Suppose I told you that a company was designing a hydration system designed to compete with the ubiquitous hydration bladder.  What if I then told you that this system can use anything from a Nalgene 1L to a plastic bottle that you picked up the local gas station?  Enter the Jetflow, a small startup that has the promise to compete with the big boys.

Jetflow Hydration Systems Features:

  • Jetflow Technology Included – Jetflow Eagle System
  • Hydration Load Cell – Easy Open EVA Exchange Pocket
  • Bullet Bite Valve – Maximum Flow Patented Bite Valve
  • 1 Oversize Organizational Pocket
  • Adjustable Sternum Strap
  • Earphone / Headphone Access
  • Reflective Piping
  • Padded Ventilated EVA Back Panel
  • Active Harness Suspension

My Experience

The Jetflow’s main feature is that it can accept virtually any bottle, allowing users to easily imbibe their favorite fluids.  We’ve all sucked the air out of a plastic bottle and had our tongue sucked into it, and this illustrates the problem that the Jetflow overcomes: we create a vacuum in the reservoir when we drink through a bite valve.  If someone wanted to use a hard reservoir (or a bottle), there would have to be a way of releaving this pressure.  Hard reservoirs themselves have been around for years, but currently there aren’t any popular systems that allow people to use water bottles in a hydration pack setup.

Jetflow’s solution is a unique manifold with both a bite valve hose and a patented Jetvalve hose which releases pressure.  The Jetflow uses adaptors to accommodate dozens of bottles (everything from Smart Water to Gatorade to Nalgene), which are listed on their website.

There are a couple of clear advantages to a system like this: for one thing, the infamous plastic flavor of hydration bladders is gone, and the water (or whatever you’re drinking) tastes just like it does straight from the bottle.  Additionally, the Jewflow is really easy to clean: all of the hoses detach, and the Jetvalve unscrews so that a Schrader pump can be attached to blow out the system.

Jetflow is plagued by a few of the problems associated with startups.  For one thing, customers will have to buy extras like insulated hoses or alternate bite valves from another company.  Moreover, I have to say that the plastic choices are a little dubious; liquids taste great when they’re being used immediately, but if the Jetflow is left overnight the water’s taste becomes incredibly plasticy.  I daresay that better hosing and more options will become available as the Jetflow gets more popular.

A 1L Nalgene hooked up to the Jetflow Manifold. Note the red plastic adaptor.

The particular pack that I tested is called the Tomahawk, and it’s one away from their smallest system in the lineup.  The pack’s main compartment holds the Jetflow manifold and could easily accept the odd protein bar.  An outside pocket allows for additional storage and can hold a wallet, phone and keys.  This small pack revealed what may be the only downside to using a hard bottle in a hydration pack: when the pack’s pockets are full, the bottle makes its presence felt between your shoulder blades.

While the Jetflow system itself is pretty awesome, I’d say the pack options right now are a little lacking.  For one thing, the fabric has hardly any water resistance so my belongings picked up a nice sheen of moisture whenever the weather turned foul.  The pack comes with two clips per hose (the bite valve and Jetvalve hoses) and I can’t fathom why they’d do that on the hydration side; Jetflow’s choice of hose is so soft that it kinks at the clips when I tried to drink from it.  I ended up just ditching the clips.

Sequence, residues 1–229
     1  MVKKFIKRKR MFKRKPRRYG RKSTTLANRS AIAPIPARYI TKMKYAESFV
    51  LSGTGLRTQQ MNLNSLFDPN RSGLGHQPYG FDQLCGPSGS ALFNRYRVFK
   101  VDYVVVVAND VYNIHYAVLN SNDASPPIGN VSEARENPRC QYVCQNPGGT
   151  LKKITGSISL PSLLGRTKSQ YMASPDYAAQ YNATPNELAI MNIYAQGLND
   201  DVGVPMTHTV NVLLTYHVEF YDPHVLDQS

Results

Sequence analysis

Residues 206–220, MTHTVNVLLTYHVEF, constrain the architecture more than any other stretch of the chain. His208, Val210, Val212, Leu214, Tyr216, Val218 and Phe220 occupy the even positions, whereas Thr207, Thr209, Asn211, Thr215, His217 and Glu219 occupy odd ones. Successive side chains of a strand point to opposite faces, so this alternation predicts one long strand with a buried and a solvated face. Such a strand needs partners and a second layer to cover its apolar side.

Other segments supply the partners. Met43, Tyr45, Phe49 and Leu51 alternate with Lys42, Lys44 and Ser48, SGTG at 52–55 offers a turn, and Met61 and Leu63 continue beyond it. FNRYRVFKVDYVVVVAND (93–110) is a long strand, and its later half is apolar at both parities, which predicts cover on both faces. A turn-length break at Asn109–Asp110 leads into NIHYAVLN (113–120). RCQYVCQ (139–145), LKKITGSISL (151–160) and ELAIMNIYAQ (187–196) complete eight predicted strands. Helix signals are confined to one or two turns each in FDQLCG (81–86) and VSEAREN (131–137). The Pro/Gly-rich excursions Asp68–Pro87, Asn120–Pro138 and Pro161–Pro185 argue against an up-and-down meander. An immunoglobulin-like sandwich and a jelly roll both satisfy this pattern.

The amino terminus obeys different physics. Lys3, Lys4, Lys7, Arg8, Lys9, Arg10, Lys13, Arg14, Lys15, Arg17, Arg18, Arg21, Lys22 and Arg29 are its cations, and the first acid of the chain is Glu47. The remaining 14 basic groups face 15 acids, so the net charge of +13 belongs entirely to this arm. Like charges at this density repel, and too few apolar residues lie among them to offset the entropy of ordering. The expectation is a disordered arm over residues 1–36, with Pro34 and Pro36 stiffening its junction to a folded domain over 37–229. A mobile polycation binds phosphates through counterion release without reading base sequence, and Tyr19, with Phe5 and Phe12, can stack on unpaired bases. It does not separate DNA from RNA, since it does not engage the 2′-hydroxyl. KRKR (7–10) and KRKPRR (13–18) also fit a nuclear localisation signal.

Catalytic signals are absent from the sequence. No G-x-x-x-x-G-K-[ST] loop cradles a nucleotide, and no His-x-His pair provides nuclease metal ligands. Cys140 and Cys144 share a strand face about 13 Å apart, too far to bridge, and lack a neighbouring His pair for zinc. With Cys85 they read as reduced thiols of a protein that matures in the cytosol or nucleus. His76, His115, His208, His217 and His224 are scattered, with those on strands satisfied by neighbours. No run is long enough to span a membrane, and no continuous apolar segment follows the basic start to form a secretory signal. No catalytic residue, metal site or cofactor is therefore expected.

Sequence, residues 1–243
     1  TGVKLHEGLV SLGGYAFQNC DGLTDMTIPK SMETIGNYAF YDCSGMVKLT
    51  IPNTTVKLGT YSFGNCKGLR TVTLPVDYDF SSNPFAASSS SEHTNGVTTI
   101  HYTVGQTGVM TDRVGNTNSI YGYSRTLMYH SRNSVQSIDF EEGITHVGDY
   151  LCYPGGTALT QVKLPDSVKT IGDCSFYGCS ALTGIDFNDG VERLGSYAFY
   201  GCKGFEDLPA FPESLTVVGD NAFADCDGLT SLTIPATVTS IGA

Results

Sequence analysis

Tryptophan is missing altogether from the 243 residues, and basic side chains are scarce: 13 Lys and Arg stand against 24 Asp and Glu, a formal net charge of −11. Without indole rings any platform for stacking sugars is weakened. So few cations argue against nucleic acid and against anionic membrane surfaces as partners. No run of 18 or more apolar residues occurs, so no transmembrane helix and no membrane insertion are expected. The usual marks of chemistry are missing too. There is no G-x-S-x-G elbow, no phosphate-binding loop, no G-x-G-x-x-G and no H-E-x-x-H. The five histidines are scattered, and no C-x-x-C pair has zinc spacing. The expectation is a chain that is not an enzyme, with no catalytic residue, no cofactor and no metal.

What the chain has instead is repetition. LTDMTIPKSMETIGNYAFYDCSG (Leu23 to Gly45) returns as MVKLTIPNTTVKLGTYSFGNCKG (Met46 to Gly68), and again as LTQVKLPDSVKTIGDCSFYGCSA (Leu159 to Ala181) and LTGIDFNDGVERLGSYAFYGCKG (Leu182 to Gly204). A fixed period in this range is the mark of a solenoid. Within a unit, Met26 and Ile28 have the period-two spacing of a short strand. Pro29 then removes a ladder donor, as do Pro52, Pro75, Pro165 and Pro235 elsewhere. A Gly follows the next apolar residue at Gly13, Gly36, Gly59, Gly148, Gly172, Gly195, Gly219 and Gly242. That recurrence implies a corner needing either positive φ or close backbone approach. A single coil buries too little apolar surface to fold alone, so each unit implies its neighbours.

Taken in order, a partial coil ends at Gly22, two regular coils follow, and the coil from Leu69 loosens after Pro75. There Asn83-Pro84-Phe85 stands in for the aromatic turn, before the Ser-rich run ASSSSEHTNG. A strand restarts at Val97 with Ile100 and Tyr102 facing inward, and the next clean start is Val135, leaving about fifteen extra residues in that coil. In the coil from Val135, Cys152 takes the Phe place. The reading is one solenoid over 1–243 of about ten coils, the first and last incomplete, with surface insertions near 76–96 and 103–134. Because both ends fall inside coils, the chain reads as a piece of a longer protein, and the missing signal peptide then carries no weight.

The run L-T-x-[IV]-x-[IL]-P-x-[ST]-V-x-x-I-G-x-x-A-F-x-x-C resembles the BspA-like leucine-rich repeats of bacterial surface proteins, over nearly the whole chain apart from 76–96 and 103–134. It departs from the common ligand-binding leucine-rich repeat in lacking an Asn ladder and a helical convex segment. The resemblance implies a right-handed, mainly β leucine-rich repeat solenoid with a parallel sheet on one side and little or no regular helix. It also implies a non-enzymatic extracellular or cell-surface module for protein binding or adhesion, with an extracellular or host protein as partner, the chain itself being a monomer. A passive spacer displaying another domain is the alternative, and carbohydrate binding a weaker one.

If you don’t need a pack but are interested in the idea of using your own bottles in a hydration pack, I would highly recommend using the Jetflow with another hydration-compatible pack.  The Jetflow’s hoses are sufficiently long for most packs so I’d say that this is a good option while Jetflow continues to improve the quality of their packs.

My Jetflow is only showing one significant problem: the plastic on the Jetvalve has cracked.  It’s not affecting performance now, but ultimately I’ll need to replace the part.

A mud-spattered Tomahawk after a wet ride.

The Good:

  • Beverages taste great when immediately used – no plastic taste
  • Whole system is easy to clean
  • Works with a wide range of bottles
  • Affordable, especially compared to conventional bladder
  • Great for travel where water bottles are safest water source

The Bad:

  • Beverages taste really bad when left in the system overnight
  • Lack of hosing and bite valve options
  • Hose kinks easily
  • Backpacks feel a little rudimentary
  • Jetvalve has developed a crack

The Bottom Line

The Jetflow is a great concept and I’ve enjoyed testing it out.  While there are some evident teething pains, I think it’s a good enough product to make it to the big leagues.  I can’t say that I would recommend their packs, but the Jetflow system itself is great; for days when I don’t need a full 2L bladder, the Jetflow will be my go-to system for hydration.

Buy now:  Available from

About Author

Kevin Glover is an outdoorsman living, climbing and biking in Spokane, WA. Originally from the Nevada high desert, he moved to the PNW for its mild winters and allergen-free summers. He has guided throughout the Cascades and Enchantments for Peak 7 Adventures.

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